Saturday, November 21, 2009

Lincoln Academy Schedule Means Success

Block schedules blanketed the American high school landscape about 20 years ago. Practically overnight, classes went from 28-35 minutes to 60-80 minutes in duration. Teachers simultaneously rejoiced in the extra time to impart their wisdom and grieved the loss of the quick-hit, fly-by-seat-of-pants class, where a game of Grammar Jeopardy would kill three-quarters of the period.

Periods doubled in duration meant that most schools reduced the number of times students sat in a given class by about half, meeting every other day. Not Newcastle, Maine's Lincoln Academy. Instead of maintaining a student's "seat time" like most schools adopting block schedules, Lincoln's then principal Chris Frost decided to boost all students' time in front of their teachers. At LA, all but one period meets two days on, one day off. (A single period meets Monday through Thursday each week, with Friday's short period reserved for an all school meeting, during which students might hear an inspiring story, compete in trivia contests for local prizes, perform on the bagpipes or play a dodge ball final.)

At first, this two on, one off schedule mashed into a five-day week feels like teaching and learning in a washing machine. Throw in holidays, vacations and snow days and the schedule gets truly Byzantine. Proof that humans are remarkably adaptable, LA's students and teachers have marched through this semi-rhythmic routine in lockstep for better than 17 years, and for good reason. Students remember more and therefore learn more.

It looks like the key is the two days on. All memory studies say the secret to learning is review. Review after 10 minutes; review after 24 hours (possibly the most important one); review after a week, a month and six months. The other byproduct of the two days in a row is simple accumulation of time in a class. In most block schedule schools, students see a teacher two or three days out of five. At LA, students see their teachers three or four days out of five.

Yes, teachers work harder at LA. They have less time to prepare and more class time to prepare for. By rights they should be paid more, too, but I won't go down that road. The facts of the school's success can be seen in their SAT scores, Maine Educational Assessment scores, graduation rates and college acceptance rates as they outperform by a long shot other schools in the Midcoast. [Note: this is a rabbit hole website. If you're like me, you will now spend the next 90 minutes checking every area school for its performance. Locally, Knox County is a particularly sad story.]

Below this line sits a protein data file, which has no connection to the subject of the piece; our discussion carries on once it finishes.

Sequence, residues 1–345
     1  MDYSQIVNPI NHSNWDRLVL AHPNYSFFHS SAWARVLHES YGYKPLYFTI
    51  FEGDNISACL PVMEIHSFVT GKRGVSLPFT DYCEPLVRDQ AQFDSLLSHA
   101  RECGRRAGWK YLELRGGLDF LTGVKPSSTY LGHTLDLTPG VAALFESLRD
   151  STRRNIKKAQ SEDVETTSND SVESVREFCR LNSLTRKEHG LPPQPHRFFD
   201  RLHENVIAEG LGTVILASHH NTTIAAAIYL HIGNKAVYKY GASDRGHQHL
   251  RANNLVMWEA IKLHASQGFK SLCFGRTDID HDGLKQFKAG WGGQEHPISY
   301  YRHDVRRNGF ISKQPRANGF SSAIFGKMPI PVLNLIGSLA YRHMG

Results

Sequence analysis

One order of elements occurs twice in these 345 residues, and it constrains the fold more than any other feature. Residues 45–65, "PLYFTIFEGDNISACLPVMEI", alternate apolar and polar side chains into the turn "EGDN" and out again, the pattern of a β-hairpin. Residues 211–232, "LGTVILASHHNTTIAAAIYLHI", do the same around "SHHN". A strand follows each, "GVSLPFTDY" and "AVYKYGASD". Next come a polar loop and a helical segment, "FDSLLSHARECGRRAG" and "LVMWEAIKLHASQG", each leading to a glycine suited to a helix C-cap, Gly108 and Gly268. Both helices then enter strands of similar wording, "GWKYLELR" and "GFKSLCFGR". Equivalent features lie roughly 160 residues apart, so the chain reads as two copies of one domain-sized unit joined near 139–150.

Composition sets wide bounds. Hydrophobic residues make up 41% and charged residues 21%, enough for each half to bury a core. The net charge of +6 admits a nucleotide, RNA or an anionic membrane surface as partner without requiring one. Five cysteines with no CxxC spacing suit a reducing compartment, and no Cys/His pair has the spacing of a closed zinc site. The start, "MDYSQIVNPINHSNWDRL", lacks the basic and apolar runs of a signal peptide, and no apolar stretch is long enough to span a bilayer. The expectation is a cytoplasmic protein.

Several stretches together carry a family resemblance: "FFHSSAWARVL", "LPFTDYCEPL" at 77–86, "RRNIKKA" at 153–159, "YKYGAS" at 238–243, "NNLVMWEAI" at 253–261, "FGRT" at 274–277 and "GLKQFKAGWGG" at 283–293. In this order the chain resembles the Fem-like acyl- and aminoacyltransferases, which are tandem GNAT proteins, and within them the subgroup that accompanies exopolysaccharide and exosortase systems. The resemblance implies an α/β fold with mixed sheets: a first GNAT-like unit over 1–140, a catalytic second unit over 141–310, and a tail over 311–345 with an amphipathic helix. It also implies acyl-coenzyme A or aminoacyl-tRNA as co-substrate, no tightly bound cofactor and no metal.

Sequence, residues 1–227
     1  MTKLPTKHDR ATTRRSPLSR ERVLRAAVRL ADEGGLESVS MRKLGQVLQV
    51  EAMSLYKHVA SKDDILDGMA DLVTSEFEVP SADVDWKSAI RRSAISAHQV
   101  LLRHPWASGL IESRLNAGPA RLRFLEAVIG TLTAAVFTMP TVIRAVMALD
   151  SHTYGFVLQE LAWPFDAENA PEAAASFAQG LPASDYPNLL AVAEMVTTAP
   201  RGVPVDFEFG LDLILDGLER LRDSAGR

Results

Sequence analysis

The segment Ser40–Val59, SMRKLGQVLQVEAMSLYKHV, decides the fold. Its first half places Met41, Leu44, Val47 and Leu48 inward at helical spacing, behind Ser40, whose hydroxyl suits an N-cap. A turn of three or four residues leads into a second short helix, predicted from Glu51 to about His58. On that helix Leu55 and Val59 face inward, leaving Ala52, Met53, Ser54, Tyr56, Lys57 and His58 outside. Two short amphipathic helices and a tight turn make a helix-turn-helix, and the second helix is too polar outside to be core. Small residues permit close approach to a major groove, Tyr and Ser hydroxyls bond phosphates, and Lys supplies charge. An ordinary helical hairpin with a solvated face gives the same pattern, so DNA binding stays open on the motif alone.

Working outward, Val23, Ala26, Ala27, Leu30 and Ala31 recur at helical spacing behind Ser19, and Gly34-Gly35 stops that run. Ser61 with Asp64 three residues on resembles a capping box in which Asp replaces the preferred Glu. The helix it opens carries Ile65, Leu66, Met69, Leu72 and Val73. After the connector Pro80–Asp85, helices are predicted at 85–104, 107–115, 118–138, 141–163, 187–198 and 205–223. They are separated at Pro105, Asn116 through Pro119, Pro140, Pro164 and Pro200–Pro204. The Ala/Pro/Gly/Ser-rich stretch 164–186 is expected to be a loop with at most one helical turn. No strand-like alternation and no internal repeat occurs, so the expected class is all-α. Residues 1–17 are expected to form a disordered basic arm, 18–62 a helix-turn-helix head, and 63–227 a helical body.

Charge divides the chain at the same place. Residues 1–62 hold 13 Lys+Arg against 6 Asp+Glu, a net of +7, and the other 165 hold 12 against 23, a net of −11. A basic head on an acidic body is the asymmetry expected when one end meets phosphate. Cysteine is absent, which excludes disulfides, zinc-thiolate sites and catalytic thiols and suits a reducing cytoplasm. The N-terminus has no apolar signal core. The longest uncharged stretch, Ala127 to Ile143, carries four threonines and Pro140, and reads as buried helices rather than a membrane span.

Lincoln Academy's feeder schools are better than many others too. (I know, the rabbit hole, again.) Also, because of its superior drama and music programs, Lincoln Academy draws imaginative, motivated pupils. Lincoln, a "private school in the public interest" was formed in 1801 and was allowed to keep it semi-private status in the early 20th century when the public school system was created. Like a charter school, LA is not limited to a single district. Students from anywhere can attend. And they do.

Cross-posted at Maine in the Headlines and Dirigo Blue.


Stan Tupper said...

You make me proud.

Lisa K. said...

Good for LA and their students! But is Lincoln Academy in actual practice and finance a public or private school? Are they bound by the same constraints of the No Child Left Behind and all that? I would think that would make a difference in how they exercise their options.

Lee Roberts said...

It's a little squishy. Yes, in order to get state tuition monies LA has to toe the Maine Learning Results line. NCLB is primarily an administrative paperwork hoop, for a school that has acceptable AYP (annual yearly progress) as LA does.

That said, until about 10 years ago, LA had a nightmarishly un-wheelchair accessible cafeteria--in another building down a giant hill--and was never sued or brought up on charges.

Lee Roberts said...

@ Lisa K--p.s. LA is like virtually all New England schools in existence with their own trustees that chose to become part of the public school system. Other examples include Thornton Academy, Erskine Academy and Foxcroft Academy.